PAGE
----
If an employee is paid by commission, who is responsible for withholding taxes?
It depends. An individual who receives commissions can be treated in the same manner as an individual who receives straight salary. In that case, the employer would withhold taxes from the individual's compensation and remit the amount to the tax authorities on the individual's behalf. The withholding would be based on the elections the employee makes on Form W-4P. Alternatively, the individual can be treated as a self-employed independent contractor, who would be responsible for remitting the taxes to the tax authorities. Special rules apply to tax withholding, including requirements to avoid excise taxes that apply to underpayment of estimated taxes.
See IRS Publications 505 for more information.
As you may know, each taxpayer ultimately is responsible for paying his or her income taxes to the IRS and state tax authorities.
This question was answered by Denise Appleby
The real question should be is the person an employee or independent contractor? If the person is an employee, you need to follow the employment law (in your state), but it is a good chance the Employer is responsible for withholding taxes (Federal, State, FICA, etc.,) including the employer portions of taxes, such as Social Security, Medicare, etc..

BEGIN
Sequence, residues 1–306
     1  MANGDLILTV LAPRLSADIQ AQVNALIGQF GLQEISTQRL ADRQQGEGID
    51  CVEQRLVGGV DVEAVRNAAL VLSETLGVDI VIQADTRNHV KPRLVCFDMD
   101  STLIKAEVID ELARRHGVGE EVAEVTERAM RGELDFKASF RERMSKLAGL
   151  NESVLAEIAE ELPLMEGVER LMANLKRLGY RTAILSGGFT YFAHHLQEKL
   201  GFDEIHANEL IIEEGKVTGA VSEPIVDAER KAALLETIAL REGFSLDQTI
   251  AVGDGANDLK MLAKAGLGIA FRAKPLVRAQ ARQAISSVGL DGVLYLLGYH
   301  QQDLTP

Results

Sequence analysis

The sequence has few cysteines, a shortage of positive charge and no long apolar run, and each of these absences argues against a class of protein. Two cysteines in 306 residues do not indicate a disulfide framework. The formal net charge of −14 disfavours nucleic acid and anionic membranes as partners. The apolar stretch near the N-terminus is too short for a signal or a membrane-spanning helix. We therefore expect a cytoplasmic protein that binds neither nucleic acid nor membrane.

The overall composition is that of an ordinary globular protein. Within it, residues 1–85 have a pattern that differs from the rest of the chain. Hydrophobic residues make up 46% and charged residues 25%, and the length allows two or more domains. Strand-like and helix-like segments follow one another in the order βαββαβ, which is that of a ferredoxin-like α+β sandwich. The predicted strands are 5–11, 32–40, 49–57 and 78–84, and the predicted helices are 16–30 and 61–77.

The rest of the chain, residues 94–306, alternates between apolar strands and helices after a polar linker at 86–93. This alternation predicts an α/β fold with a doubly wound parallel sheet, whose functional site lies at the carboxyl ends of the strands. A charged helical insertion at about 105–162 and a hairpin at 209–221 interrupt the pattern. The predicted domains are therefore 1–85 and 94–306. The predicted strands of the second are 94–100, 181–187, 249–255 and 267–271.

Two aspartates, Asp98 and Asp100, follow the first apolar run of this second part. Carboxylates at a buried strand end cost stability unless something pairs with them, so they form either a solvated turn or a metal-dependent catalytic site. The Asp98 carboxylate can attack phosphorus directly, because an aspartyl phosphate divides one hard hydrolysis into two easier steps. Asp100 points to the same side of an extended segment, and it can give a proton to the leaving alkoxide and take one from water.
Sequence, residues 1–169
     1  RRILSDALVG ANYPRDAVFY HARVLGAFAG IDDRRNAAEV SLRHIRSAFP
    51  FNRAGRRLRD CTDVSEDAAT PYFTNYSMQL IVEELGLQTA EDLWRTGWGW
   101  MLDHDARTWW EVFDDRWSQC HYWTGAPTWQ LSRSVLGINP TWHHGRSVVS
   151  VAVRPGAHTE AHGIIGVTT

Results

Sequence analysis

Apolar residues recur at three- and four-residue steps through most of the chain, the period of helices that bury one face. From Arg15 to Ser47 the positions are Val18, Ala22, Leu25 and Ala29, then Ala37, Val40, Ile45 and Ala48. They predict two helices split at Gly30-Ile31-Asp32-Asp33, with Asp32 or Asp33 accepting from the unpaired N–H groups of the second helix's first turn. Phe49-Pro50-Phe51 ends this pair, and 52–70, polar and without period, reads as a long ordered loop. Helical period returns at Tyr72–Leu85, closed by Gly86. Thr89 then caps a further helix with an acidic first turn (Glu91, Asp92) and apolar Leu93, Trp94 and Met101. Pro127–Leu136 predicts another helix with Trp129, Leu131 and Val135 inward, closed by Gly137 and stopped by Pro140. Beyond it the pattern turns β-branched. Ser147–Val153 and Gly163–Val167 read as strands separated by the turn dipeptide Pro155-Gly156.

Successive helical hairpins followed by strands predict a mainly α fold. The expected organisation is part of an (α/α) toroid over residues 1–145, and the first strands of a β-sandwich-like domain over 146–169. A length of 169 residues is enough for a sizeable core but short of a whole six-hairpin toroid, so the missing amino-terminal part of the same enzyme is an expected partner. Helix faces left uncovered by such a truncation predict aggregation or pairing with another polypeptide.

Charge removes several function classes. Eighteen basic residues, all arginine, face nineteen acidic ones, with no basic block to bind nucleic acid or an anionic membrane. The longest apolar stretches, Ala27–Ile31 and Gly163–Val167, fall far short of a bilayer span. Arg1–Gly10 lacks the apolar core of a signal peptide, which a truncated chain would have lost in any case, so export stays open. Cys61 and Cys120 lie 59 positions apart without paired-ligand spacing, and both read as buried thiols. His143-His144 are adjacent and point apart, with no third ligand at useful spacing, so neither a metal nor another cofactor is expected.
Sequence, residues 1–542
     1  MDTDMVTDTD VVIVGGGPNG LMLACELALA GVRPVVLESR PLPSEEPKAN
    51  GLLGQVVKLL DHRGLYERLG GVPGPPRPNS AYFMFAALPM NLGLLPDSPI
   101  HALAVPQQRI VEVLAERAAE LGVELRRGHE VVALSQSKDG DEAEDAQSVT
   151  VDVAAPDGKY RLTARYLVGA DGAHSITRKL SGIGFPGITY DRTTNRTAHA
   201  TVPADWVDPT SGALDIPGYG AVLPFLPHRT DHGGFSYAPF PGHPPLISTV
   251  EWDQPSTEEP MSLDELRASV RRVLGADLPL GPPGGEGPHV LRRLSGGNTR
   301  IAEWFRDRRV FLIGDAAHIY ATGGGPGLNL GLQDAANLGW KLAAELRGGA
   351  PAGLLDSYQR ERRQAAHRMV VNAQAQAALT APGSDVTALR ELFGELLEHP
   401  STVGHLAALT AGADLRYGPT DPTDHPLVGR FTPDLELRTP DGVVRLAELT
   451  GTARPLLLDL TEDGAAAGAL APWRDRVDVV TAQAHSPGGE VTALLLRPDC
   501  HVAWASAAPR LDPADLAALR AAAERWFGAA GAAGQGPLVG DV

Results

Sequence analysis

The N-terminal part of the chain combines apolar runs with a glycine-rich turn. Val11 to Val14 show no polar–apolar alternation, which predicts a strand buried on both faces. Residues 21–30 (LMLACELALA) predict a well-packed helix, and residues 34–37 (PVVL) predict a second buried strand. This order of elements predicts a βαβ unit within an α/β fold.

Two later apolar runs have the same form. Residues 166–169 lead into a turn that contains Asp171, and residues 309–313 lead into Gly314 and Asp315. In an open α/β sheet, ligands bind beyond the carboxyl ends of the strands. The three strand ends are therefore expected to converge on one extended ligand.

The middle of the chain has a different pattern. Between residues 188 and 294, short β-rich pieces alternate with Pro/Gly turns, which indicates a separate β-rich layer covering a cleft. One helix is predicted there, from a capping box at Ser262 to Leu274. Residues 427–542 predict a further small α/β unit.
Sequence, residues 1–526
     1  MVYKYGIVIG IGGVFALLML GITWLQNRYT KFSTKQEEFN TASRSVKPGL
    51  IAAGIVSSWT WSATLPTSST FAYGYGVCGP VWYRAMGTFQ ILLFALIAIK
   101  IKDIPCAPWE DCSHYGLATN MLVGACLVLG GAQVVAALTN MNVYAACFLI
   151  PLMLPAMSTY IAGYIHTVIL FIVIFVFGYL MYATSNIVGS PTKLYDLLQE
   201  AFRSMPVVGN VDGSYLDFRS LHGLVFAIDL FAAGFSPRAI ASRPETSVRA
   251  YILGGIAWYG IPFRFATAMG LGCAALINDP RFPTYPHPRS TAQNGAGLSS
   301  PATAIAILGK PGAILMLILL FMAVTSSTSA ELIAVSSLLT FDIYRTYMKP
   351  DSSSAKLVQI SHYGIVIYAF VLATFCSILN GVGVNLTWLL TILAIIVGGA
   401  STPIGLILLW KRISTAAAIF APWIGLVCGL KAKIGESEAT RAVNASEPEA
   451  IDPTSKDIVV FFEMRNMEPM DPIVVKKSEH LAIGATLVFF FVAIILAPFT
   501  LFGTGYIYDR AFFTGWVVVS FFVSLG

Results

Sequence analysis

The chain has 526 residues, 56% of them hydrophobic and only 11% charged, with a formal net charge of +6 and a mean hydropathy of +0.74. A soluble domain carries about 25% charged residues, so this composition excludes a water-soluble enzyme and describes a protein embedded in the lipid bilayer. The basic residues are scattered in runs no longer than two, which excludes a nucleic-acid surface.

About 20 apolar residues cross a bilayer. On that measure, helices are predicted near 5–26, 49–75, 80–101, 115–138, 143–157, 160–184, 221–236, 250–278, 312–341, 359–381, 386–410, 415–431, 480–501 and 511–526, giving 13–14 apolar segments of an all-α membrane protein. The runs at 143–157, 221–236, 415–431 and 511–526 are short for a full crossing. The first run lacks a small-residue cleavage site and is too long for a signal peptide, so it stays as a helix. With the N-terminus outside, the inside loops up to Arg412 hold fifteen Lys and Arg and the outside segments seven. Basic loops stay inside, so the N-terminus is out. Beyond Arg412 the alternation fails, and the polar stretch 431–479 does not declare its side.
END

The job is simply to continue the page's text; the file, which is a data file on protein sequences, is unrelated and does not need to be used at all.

If the person is an independent contractor, then the person is responsible for taxes.
The one caution is, employers need to be very careful calling people working for them independent contractors, when they are performing pretty much employee job functions. Employment law, and I am not an attorney folks, is pretty clear on who is an employee. If a company hires a person and they are required to work regular hours, the job is pretty open ended with no clear end date, is similar to other employees and functions pretty similar to employees, reports to a manager similar to other employees, does not have any real autonomy on how to do a job or when or where, if challenged or audited, the person stands a good chance to be considered an employee. The Employer could be liable for benefits, overtime, taxes, penalties, and fines by the Department of Labor or other State or Federal agencies.
If you are an employer, it is very prudent to have your policies and procedures reviewed by an employment attorney to ensure your company is compliant with all the rules, regulations of the City, State and Federal government and common sense, but to also ensure the company is following their policies and procedures.